Relax about Expiration Dates: Don’t fret too much about “sell by” and “best used by” dates. A lot of food waste occurs when consumers get too nervous that something, particularly dairy and meat items, are going bad when they aren’t. Food safety is something to take very seriously, but first educate yourself on what each type of label actually means. Here is a great resource to help clear up the confusion.

 

Finally, for these goals to work, everyone in the household has to commit. If you have a spouse or a family member that isn’t really a fan of leftovers or doesn’t seem to mind when produce or dairy items have to be chucked when they go bad, talk to them about your goals and why it is so important for both an individual family and the environment. Encourage each other to eat up what’s in the house, and perhaps even some “tough love” is necessary to get everyone on board. Model gratitude for the food you have. Beyond helping to save the environment and what’s in your wallet, you’ll also be nurturing creativity as you look for ways to use up food items hanging out in the fridge. Resourcefulness is a wonderful trait that, once honed, can inspire you in so many ways. Join me in preventing food waste ASAP! 

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Make Your Own Taco Bowl!

 

Did you know it’s a cinch to make your own taco bowl or “shell” using just a plain tortilla? It’s so easy to do and also so much healthier than the fried version. There’s no need to buy packaged taco bowls – all you need is a mixing bowl, a tortilla, and the oven! These homemade taco bowls are great for upgrading boring salads and they elevate a simple weekday dinner meal into something kid-friendly and fun. I like to make large ones for the adults in the house, and a “mini” taco bowl for my son. And everyone’s favorite part is eating the crunchy bowl when the fillings are gone. This can be a great selling point for your kids – when you’ve cleaned your “plate” you actually get to eat it!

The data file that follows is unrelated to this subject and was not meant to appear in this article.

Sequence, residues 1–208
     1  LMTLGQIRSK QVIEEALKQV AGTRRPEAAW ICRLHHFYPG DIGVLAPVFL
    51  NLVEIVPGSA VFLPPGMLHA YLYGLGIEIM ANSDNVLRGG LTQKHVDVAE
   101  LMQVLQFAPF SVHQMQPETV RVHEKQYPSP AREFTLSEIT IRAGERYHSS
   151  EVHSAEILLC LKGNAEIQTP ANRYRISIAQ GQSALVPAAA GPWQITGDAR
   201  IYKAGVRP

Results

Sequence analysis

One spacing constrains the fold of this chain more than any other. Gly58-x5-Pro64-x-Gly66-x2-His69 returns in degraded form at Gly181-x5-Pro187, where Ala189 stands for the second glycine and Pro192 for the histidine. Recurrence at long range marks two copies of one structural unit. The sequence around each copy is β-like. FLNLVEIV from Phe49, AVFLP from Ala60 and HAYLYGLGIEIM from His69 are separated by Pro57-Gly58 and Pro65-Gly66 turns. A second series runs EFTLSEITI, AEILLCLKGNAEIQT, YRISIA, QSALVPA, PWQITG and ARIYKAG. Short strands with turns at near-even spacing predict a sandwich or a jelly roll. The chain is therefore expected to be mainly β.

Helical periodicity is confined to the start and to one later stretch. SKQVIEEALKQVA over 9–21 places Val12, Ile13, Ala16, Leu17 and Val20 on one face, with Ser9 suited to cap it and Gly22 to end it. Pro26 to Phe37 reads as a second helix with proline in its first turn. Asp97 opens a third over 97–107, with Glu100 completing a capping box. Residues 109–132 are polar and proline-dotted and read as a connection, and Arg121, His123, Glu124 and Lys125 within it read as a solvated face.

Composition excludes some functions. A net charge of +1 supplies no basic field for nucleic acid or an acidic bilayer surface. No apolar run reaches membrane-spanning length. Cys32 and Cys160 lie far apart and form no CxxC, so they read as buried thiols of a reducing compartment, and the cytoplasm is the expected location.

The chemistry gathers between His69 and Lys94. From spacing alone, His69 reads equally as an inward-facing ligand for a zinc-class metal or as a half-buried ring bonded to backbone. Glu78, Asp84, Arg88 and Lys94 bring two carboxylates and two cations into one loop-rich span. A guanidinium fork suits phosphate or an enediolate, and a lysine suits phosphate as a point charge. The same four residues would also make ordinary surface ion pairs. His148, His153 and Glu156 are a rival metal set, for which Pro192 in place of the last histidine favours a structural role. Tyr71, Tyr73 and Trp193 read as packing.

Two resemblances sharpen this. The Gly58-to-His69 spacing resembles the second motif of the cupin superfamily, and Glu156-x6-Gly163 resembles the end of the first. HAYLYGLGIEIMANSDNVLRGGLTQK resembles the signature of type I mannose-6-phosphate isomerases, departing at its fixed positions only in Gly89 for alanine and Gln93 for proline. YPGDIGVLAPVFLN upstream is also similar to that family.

We love using them for traditional taco salads or fried chicken salads, but they’re really a great vessel for anything – steak, rotisserie chicken, grilled veggies, you name it! They are also a fun way to use up leftover fixings from taco night or can be used for my personal favorite, rice bowl night. You can prep them in advance the night before or that morning and then throw everything inside when it’s dinnertime. What can be a quicker meal than that? Read on to see how easy it is!

What You Need:

  • Flour tortillas (whole wheat is fine too), any style or size will work, but largest will obviously make a bigger bowl
  • Butter or margarine
  • Glass or metal oven-safe mixing bowl slightly smaller than tortilla

 

Step 1:
Preheat oven to 425 degrees. Line a baking sheet with foil. Spread about one teaspoon (just a thin coating) of butter or margarine on one side of tortilla.

 

Step 2:

Turn the mixing bowl over and lay on top of foiled-lined tray. Place tortilla, butter side down on top of bowl and press all sides against it, keeping your hands in place for a few moments. Bake for approximately 10-15 minutes or until lightly browned, hardened, and crispy.

 

Step 3:

Remove from oven and carefully peel away from mixing bowl. Place taco bowl right-side up and bake for another few minutes, allowing the interior of the bowl to firm up a bit more. Repeat the procedure with more tortillas as desired.

 

Fill with your favorite salad components and enjoy! Here are our favorites:

“Leaner Taco Salad”

  • Shredded lettuce
  • Sliced tomatoes
  • Sliced red onions
  • Turkey or vegetarian chili
  • Shredded cheddar cheese
  • Sour cream

Fried Chicken Salad

Burrito-in-a-Taco-Bowl

  • Brown rice
  • Grilled steak or chicken (omit for a meatless dish)
  • Grilled or sautéed onions and peppers
  • Shredded pepperjack cheese
  • Avocado
  • Sour cream
  • Scallions
  • Black beans
  • Click here for my rice bowl night concept

 

What other things would you love to put in your homemade taco bowl? The choices are up to you! 

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Pouches' Community Corner

This month Pouches learned about a very important resource for families who have lost loved ones to sudden tragedy, an organization called LLOST.

keepsake box

The foundation has helped 44 hospitals in 22 states through their Treasured Memories program. The program sends nurses to bereavement training, and provides or supplements the $55 memory boxes that include clothes, booties, handknot blankets, pictures, foot prints, hand prints, clipped hair and other mementos.